Orville Schell reports on China’s transition from Maoist fervor gone astray under the Gang of Four to Deng’s pragmatism of the Four Modernizations. He was one of a small group of American student radicals privileged in 1975 to work in the fields at Mao’s national shrine to collective agriculture, the Dazhai (Ta-chai) Brigade in the loess country of Shansi province west of Peking. (Dazhai is now a Lourdes manqué, condemned as having been a fraud.) After Mao’s death in 1976 Schell has been back to Peking and Shanghai three times, running into disaffected Chinese who have talked more and more freely. Their talk makes him wonder, “What ever happened to Mao’s revolution?”
Instead of a consul general’s report balancing all the factors, he offers a series of impressions from personal contact: peasant children at Dazhai suddenly seduced into consumerism by a Polaroid camera; disco life and the most feasible of all consumerism, prostitution, at a Peking café; would-be Americanized youths riding mopeds in Shanghai; the charming daughter of an offical, who spent six years farming in Mongolia and four in a factory before getting into college; an old gentleman in Shanghai who once worked for a foreign firm and was jailed for it; and the new free market in Dairen. The question is how far such Chinese on the alienated urban fringe represent an infection among their countrymen whose consumerist hopes may lead to explosive frustration.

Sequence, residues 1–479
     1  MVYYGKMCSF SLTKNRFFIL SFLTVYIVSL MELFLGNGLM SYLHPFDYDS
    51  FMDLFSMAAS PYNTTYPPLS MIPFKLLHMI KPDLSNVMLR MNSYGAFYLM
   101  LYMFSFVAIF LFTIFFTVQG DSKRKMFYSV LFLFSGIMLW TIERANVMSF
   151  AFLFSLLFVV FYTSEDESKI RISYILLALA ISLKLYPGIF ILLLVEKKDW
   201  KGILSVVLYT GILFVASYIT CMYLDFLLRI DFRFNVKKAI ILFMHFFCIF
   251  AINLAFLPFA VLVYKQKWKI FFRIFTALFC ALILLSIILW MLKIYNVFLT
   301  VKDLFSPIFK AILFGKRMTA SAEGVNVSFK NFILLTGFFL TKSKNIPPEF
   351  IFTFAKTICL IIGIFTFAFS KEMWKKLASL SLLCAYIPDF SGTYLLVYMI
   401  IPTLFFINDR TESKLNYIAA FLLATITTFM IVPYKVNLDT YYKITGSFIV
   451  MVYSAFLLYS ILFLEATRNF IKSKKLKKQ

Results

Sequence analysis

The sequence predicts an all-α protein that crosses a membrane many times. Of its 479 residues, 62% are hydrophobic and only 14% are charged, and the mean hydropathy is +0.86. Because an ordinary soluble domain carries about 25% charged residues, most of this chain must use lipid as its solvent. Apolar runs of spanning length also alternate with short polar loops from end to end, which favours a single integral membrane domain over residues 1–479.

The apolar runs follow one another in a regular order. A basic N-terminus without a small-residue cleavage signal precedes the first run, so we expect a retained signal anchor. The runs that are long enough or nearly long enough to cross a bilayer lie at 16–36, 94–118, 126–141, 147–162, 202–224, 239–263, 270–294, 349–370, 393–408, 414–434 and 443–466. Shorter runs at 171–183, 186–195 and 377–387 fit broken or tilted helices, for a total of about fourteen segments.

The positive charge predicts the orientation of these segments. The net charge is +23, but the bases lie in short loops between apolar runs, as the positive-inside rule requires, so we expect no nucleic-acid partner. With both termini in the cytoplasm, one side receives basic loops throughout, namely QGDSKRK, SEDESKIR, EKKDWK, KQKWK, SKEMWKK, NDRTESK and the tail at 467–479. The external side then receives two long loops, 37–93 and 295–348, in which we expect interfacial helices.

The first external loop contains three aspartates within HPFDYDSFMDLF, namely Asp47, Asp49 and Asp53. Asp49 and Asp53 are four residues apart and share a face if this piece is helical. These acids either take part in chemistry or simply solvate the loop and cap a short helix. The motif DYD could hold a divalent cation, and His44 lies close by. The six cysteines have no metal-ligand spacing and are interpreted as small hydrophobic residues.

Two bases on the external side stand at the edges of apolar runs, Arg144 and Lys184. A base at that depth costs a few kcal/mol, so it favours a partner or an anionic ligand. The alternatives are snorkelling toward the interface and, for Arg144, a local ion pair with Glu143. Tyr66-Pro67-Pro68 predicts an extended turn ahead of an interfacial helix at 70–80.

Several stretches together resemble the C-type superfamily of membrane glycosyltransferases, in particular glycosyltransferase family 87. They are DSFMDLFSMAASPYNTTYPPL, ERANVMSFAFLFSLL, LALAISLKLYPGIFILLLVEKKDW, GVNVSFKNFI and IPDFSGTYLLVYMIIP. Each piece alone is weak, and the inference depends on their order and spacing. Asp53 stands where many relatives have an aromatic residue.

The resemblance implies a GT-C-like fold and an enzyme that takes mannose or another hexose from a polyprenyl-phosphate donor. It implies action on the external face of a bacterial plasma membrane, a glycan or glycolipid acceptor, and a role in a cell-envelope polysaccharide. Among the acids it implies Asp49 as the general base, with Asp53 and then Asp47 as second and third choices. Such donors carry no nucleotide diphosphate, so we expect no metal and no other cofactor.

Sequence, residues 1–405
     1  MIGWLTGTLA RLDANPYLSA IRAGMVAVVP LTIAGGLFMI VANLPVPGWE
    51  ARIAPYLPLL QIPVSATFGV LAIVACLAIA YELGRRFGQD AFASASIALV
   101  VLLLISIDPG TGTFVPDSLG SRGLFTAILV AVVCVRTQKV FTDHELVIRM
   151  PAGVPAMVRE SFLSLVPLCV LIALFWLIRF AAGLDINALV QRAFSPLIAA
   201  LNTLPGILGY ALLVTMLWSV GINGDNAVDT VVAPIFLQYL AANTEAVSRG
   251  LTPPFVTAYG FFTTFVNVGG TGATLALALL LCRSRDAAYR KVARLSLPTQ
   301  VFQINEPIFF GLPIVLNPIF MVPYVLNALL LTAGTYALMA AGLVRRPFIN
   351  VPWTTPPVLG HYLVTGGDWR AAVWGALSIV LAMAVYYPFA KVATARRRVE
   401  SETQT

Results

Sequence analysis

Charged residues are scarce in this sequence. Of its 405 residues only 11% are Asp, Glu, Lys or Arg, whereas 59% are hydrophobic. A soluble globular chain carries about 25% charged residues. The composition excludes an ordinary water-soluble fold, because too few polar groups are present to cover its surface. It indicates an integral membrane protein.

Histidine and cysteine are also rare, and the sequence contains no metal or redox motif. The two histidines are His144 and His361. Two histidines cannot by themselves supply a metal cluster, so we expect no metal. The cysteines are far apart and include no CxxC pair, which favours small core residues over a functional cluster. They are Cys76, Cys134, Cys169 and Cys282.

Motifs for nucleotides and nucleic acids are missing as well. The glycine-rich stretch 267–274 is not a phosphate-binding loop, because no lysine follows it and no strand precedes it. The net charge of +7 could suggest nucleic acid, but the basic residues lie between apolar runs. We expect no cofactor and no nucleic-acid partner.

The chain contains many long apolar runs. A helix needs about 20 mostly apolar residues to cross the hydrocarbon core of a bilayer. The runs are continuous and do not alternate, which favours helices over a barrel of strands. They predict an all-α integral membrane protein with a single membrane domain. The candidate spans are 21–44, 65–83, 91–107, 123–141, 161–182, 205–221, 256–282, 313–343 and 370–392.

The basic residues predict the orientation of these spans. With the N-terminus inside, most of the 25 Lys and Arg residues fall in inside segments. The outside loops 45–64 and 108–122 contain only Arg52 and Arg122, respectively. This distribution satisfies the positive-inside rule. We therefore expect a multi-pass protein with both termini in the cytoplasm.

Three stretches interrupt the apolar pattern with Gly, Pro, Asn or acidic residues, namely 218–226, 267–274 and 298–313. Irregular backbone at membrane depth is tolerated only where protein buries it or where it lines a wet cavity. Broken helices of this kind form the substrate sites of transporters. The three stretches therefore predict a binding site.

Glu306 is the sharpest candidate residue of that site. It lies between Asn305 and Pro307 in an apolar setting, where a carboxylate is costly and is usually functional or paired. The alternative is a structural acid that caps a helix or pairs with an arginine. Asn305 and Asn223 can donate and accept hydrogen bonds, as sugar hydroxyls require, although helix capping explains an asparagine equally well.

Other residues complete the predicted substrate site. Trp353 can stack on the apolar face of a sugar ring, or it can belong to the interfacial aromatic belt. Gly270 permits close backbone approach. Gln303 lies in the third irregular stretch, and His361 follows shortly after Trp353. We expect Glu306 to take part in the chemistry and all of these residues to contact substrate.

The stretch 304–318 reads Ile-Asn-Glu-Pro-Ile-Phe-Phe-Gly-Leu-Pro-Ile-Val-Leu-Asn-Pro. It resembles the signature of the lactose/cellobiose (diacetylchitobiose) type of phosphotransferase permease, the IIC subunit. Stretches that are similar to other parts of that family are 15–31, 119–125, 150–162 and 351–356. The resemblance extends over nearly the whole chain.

Among these vignettes from the PRC Schell interlards his journalist’s impressions of Deng’s visit to Washington, DC, Atlanta, Houston, and Los Angeles, where the American media showed our material gimmicks and crass consumerism for beaming back to China’s new TV network. Schell pictures a modernizing America, so free as to lack self-discipline, offering its cultural chaos to a proud but envious modernizing China that can’t afford to buy it and doesn’t want more than selected parts of it in any case.